Ottawa’s internet infrastructure taking shape with Fibre Centre, Purecolo

Editor's Note

This article was updated to better reflect the technical details of Fibre Centre and Purecolo’s roles in Ottawa’s IXP


The future of the internet in Ottawa has never looked brighter thanks to the efforts of numerous groups aiming to improve the National Capital Region’s network infrastructure.

Techopia reported last July that a new group was looking to find a host for the capital’s Internet Exchange Point – a hub for content distributors, internet service providers and other large enterprises to plug directly into the heart of the internet and keep their data transfers fast and local.

Leading the charge has been the National Capital Internet Exchange, which features representatives from Invest Ottawa, the Centre of Excellence in Next Generation Networks, local ISPs and the Canadian Internet Registration Authority. Also operating as Ottawa-Gatineau Internet Exchange, or OGIX, the group formed last summer to find a suitable home for an IXP in the region.

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Fibre Centre, which also houses an IXP in New Brunswick, announced plans in late 2018 to develop a carrier-neutral hotel facility on Michael Street in Ottawa that could serve as a suitable home for Ottawa’s IXP. Its qualifications as a carrier-neutral hotel – in layman’s terms, think of this as a heavy-duty colocation space like a data centre – set it up to host large carriers, and OGIX chair Christian Tacit said the the group is currently in negotiations with Fibre Centre to host the core of the IXP.

As the first carrier-neutral hotel in Ottawa, Fibre Centre will look to fulfill the same role as 151 Front St. W. in Toronto, which since 1997 has acted a hub for major telecom players and other large enterprises to transfer their data quickly and locally. When complete, Fibre Centre’s Ottawa space will feature 16,000 square feet of space with biometric security and 24-hour video surveillance.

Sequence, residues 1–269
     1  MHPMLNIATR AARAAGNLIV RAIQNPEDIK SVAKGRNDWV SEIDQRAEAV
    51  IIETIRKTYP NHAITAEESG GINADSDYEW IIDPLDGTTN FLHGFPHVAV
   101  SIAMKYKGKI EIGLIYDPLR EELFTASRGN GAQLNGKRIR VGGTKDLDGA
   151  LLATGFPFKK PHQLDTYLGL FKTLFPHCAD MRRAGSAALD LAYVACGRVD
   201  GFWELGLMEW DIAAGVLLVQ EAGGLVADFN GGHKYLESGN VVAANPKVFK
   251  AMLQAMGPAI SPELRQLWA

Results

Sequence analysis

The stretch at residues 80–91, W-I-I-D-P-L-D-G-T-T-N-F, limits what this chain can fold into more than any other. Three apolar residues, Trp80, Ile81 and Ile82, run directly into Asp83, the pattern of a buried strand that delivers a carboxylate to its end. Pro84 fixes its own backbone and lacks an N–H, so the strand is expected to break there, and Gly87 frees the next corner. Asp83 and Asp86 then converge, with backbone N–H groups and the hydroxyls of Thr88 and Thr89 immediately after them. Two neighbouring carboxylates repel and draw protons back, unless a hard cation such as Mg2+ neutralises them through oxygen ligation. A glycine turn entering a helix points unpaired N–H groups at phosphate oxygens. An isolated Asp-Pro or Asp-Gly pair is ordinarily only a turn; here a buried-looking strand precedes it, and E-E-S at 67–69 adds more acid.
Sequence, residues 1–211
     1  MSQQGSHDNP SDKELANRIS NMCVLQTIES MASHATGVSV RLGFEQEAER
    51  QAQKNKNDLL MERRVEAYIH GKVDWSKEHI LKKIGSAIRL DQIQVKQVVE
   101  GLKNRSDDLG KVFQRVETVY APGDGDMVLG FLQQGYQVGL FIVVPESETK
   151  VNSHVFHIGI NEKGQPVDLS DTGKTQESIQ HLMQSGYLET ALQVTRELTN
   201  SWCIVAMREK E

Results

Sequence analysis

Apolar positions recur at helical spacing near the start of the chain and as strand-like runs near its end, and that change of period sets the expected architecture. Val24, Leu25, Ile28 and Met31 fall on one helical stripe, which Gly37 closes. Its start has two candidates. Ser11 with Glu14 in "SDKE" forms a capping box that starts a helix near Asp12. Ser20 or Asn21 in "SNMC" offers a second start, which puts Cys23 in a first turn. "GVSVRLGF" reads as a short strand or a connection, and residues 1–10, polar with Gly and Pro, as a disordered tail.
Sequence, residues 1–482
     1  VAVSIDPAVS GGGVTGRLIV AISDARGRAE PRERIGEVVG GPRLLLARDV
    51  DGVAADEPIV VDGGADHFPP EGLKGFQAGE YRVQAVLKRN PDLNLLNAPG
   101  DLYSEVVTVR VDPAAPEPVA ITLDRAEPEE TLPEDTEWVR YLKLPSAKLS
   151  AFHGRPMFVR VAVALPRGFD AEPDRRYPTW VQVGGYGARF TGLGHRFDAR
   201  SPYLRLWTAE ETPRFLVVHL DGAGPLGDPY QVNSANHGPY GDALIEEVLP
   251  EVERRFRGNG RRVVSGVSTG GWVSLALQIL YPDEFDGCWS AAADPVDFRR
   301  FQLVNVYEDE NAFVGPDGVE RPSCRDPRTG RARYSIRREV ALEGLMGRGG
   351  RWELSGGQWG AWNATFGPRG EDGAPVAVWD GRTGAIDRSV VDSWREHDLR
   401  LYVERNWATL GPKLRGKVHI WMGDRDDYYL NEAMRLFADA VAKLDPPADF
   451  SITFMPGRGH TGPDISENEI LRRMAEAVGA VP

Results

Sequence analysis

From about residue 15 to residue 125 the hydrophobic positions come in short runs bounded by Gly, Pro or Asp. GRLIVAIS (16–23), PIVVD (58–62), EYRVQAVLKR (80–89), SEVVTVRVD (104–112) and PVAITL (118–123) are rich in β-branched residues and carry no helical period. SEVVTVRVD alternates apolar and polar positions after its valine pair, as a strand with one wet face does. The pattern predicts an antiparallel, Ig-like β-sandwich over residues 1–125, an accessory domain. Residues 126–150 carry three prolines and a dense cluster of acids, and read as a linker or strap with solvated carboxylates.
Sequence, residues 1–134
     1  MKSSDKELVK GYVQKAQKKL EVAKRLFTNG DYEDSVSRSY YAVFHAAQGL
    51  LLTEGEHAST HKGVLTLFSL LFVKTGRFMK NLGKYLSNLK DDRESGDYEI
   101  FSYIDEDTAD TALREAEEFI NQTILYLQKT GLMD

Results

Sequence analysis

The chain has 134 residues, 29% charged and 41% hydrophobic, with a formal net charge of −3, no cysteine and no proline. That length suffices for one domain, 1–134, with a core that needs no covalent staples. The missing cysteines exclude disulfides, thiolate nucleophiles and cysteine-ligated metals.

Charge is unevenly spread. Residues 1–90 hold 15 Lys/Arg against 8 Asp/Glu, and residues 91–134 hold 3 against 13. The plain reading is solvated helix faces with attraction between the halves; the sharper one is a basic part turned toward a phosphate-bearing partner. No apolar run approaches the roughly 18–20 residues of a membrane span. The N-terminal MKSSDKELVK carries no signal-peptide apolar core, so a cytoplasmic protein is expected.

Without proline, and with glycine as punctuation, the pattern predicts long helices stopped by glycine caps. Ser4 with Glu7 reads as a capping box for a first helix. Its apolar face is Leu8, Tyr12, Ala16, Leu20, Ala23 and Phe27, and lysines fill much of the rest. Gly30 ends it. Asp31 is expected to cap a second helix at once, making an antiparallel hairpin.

Meanwhile, Kanata-based Purecolo announced in early 2019 that it had struck an agreement with OGIX to officially house an IXP location as well. The company said in a release that it had met the technical requirements to host the exchange point, namely that its data centre is carrier-neutral, accommodates dark fibre connections, allows 24/7 access and has a permanent location. The firm added that it looks forward to playing a foundational role in the capital’s internet infrastructure as a host for the IXP.

“As internet-rich apps and tools become increasingly common, this IXP will increasingly become the centre of that growth,” said Purecolo COO James Mackenzie in a statement.

Having multiple locations gives the IXP a built-in redundancy should an isolated disruption – like the tornadoes that ripped through the region in 2018 – knock one of the facilities offline for a time. OGIX board member and CIRA chief technology officer Jacques Latour said the internet exchange group is also in discussions with a startup data centre in Gatineau to extend the internet across the Ottawa River.

“So it’s opening up avenues for innovation in Gatineau,” Latour said.

Bringing the core of the internet to the capital presents opportunities for local firms and city infrastructure. Latour said the IXP will enable smart-city applications such as autonomous vehicles, which rely on low-latency network connections.

While Latour said the process to find a suitable home for the IXP dragged on a little long – “Ottawa has its own speed when it comes to working with big telcos,” he said – getting it set up will mean faster connections for those organizations that choose to plug in.

“Things should be way faster now to get connected in Ottawa,” Latour said.

Purecolo’s Michael Lalonde told Techopia recently that OGIX has been testing equipment in Purecolo’s facilities in preparation to host the IXP. Tacit said OGIX doesn’t have a firm date yet for when the IXP would be up and running, but it’s working with both parties and is hopeful for a spring launch.

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